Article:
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How Richard the Lionheart's heart was embalmed: study


Philippe Charlier, a forensic medical examiner, addresses reporters during a news conference held near Versailles, Thursday. King Richard I, the 12th century warrior whose bravery gained him the moniker Lionheart, ended up with a heart full of daisies, as well as myrtle, mint and frankincense. (Remy de la Mauviniere/AP)

In July 1838, a historian in northern France discovered a small, sealed, leaden box. It was found during excavacations of the ancient Rouen cathedral in Normandy, and it was engraved with an inscription:


Translated from Latin, the message reads "here lies the heart of Richard, King of England."  Historians determined that it was the partial remains of Richard I, "Richard the Lionheart," who had died in battle in 1199 during the Crusades. 

Today, French researchers revealed exactly how the medieval king's heart was embalmed, shedding light on early embalming practices during a period for which there are no known written texts on the subject.

By examining the whitish-brown powder within the box, the team found fragments of linen, suggesting that is how the heart was wrapped. And using electron microscopes they found pollen grains: myrtle, daisy, mint, pine, oak, poplar, plantain, and bell-flower.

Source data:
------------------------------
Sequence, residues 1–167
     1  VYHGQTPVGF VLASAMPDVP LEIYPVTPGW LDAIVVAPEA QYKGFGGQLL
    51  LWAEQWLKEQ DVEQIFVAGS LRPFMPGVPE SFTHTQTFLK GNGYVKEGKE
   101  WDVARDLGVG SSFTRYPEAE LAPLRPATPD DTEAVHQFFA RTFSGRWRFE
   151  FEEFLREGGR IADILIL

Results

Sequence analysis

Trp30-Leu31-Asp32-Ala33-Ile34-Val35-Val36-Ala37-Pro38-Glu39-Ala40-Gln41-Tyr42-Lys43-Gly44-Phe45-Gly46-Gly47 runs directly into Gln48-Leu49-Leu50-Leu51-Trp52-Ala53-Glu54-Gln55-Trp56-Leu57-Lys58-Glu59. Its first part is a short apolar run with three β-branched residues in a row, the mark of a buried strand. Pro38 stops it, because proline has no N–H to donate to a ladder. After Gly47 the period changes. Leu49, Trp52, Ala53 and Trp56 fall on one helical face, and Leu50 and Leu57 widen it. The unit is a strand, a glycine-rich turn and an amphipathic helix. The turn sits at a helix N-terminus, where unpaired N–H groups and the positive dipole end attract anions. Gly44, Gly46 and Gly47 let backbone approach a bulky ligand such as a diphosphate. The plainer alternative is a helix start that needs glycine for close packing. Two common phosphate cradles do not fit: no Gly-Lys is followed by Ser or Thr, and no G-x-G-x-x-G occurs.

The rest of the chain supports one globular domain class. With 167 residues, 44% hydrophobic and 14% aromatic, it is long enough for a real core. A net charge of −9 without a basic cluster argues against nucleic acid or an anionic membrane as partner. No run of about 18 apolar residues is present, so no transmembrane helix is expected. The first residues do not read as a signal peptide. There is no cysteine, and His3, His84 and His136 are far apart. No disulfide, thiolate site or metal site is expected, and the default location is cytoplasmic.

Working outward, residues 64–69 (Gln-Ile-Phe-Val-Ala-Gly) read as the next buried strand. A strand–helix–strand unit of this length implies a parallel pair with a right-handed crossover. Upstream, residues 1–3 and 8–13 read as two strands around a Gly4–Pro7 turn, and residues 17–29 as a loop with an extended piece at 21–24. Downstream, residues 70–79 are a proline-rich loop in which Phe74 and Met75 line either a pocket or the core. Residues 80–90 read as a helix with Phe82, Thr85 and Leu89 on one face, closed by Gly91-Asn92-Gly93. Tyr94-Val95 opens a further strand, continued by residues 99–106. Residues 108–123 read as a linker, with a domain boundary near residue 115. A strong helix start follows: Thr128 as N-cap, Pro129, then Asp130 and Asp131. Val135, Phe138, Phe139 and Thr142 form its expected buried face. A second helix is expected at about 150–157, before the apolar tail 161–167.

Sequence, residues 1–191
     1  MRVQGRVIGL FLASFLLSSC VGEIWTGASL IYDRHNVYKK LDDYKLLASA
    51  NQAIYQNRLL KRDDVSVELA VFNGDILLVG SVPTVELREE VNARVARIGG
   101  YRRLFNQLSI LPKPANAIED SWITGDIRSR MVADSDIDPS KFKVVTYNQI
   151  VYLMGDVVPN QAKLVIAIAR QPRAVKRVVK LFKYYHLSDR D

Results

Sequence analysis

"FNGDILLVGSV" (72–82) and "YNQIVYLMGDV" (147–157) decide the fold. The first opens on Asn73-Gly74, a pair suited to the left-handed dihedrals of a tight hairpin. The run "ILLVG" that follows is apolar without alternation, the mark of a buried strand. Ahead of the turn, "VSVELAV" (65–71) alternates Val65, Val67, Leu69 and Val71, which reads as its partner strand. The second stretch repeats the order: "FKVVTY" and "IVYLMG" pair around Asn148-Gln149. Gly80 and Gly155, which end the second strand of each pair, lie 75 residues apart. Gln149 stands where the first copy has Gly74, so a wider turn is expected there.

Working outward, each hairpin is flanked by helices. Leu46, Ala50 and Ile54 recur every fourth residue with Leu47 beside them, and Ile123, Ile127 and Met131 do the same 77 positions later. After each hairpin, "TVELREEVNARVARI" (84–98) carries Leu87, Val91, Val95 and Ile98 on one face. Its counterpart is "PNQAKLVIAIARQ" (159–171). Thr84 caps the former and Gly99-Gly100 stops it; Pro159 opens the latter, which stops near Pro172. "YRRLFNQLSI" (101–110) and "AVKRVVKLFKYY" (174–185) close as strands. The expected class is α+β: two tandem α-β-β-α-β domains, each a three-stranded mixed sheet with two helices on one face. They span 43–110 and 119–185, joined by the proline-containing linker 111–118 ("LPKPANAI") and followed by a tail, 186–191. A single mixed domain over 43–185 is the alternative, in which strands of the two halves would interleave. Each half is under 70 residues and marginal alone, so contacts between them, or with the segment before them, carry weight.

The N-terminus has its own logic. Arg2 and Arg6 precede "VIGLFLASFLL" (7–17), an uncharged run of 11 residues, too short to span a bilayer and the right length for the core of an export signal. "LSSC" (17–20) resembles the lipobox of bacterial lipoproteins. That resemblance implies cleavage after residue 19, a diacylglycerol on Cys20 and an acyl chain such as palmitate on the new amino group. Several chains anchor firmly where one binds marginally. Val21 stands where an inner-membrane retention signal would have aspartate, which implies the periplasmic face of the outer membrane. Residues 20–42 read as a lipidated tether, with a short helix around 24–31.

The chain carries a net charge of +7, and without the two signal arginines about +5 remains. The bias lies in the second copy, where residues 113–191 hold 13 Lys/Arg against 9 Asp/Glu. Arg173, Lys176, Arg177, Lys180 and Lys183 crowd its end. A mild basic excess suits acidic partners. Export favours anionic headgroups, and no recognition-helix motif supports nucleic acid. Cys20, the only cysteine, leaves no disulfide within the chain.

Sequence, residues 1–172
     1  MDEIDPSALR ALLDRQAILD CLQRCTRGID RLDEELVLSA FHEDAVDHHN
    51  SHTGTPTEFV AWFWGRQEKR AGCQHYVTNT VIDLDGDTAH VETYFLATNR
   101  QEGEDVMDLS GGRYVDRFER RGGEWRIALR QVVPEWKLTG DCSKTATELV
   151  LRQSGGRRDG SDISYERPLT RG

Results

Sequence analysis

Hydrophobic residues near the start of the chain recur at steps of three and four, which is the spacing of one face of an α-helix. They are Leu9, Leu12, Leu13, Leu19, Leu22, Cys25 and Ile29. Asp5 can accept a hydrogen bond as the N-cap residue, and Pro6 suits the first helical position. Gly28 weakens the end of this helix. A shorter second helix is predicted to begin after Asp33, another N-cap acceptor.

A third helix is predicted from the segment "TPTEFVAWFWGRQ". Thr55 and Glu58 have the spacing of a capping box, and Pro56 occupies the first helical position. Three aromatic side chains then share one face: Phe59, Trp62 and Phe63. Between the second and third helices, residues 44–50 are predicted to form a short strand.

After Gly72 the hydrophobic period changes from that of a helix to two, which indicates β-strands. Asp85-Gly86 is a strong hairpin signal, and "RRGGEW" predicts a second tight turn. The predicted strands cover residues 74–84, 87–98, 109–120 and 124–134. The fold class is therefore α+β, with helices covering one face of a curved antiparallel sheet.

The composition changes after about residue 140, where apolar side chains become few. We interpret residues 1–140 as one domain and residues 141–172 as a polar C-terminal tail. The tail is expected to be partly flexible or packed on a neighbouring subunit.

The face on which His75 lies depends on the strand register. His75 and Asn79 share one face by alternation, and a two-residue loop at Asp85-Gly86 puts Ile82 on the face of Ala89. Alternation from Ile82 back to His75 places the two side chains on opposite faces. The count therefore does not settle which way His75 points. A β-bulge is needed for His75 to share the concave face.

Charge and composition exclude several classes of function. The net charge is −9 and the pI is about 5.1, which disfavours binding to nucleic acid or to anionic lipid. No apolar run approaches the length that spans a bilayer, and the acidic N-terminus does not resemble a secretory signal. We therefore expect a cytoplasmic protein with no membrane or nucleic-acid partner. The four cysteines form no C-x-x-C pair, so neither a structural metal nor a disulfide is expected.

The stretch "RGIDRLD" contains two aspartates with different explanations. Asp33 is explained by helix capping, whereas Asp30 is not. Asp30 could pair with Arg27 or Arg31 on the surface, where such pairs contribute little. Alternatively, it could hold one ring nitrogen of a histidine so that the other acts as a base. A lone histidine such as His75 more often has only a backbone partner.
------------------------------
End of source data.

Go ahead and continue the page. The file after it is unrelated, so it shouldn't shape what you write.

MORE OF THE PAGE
Poplar and bellflower were blooming when Richard died, so probably contaminated the sample. But the other plant matter -- particularly frankincense, an important biblical substance -- was almost certainly added during the embalming process to give the king "the odour of sanctity." 

The researchers also detected mercury and creosote, both probably used to conserve tissue for as long as possible during the 470 kilometre journey from Chalus, where Richard was killed, to Rouen. 

Richard, nicknamed Lionheart because of his courage on the battlefield, was hit in the shoulder by a crossbow shot while he was fighting without using any chainmail, as the paper recounts.

At the time it was typical for bodies of nobles to be taken apart and buried in different areas:  Richard's organs and abdomen were put in a coffin in Chalus where he died, his heart went to Rouen, and the rest of his body was buried at Fontevraud Abbey near his father, King Henry II. 

Kate Allen is the Star's science and technology reporter. Find her on Twitter at @katecallen.



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